The creativity we are aiming for is the tension and release in the scene. We saw how the setting paragraphs are nothing but description. The creativity is in the writing and not necessarily the setting itself. Perhaps you could say the creativity is in the choice of the setting, and indeed it is. Skill and creativity in writing is very different than the concept of creativity in creating a novel, short story, or a scene.
We are writing exercises to build our skills and at the same time to develop our portfolio. The ultimate goal is first to increase our creativity and awareness of creativity while building our skills and our portfolio. Can you use any of this writing in a novel? I think you can. I started writing my novel, Antebellum, by writing settings and vignettes.
The question now is how do we turn what we have into creativity? I’d argue that you are exhibiting basic writing creativity just by writing settings, characters, action paragraphs, and dialog paragraphs. Where you turn basic creativity into unusual or hard creativity is in the scene tension and release and in a novel’s telic flaw.
I’ve written before, I develop the telic flaws for my novels through the protagonist. This is because, as I’ve written in an adult (mature as opposed to young adult) novel, the protagonist can’t be separated from the telic flaw. I also have written that the telic flaw comes with the protagonist. This is true of most great novels. Look at Oliver Twist. In Oliver, the protagonist comes with the telic flaw. He is a child born of upper class parents but held in penury and the lower class. The telic flaw is for him to return to his class. Don’t let the telic flaw get you down, this is a typical telic flaw of many Victorian novels.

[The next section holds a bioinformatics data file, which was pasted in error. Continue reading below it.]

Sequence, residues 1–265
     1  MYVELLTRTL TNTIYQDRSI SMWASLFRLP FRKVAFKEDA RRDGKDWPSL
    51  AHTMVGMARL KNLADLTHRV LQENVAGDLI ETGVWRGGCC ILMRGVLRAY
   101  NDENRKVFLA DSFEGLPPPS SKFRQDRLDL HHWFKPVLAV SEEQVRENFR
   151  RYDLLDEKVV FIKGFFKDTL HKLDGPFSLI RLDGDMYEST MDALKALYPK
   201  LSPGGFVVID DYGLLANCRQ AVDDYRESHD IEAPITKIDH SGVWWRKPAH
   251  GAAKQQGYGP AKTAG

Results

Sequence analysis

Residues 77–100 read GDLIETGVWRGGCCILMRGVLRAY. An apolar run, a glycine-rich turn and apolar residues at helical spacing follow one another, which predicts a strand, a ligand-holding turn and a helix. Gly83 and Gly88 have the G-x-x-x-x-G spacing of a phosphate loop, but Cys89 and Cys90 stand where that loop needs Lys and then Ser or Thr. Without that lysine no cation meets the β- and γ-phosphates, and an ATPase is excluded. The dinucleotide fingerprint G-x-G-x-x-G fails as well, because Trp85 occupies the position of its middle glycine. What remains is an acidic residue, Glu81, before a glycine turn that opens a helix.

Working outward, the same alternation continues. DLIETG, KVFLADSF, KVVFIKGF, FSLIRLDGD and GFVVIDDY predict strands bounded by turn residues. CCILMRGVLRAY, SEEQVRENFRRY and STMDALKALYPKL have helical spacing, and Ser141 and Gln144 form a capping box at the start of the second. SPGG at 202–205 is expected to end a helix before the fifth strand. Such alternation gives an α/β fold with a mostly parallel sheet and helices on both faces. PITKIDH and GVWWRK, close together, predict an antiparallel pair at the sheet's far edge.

In any case, Oliver comes with his own telic flaw—it is part of his history and being. Charles Dickens created Oliver with this telic flaw in mind. The novel is a revelation of the protagonist, Oliver, to the resolution of the telic flaw. That’s exactly what happens. Indeed, we find, like many and most Victorian novels, Oliver has little part in his own redemption, yes it is a redemption novel, but Oliver really doesn’t need much redeeming, except from the lower class. Sorry, I let my romantic leanings take over.
Novels are the revelation of the protagonist. The creativity, obviously, for the novel comes from the development of the protagonist and the protagonist’s telic flaw. How do you get one of these ideas?
Well, that’s been my point for a long time. Part of answering this question is in practicing to design and develop creativity. I started with study and research. We are at writing and exercises. I’m sure there is more. I’ll see what I can get for you.
I need to get to the point of extrapolating creativity, and also finish the thought about event horizon and worldview.
The beginning of creativity is study and effort. We can use this to extrapolate to creativity. In addition, we need to look at recording ideas and working with ideas.
For more information, you can visit my author site http://www.ldalford.com/, and my individual novel websites:
fiction, theme, plot, story, storyline, character development, scene, setting, conversation, novel, book, writing, information, study, marketing, tension, release, creative, idea, logic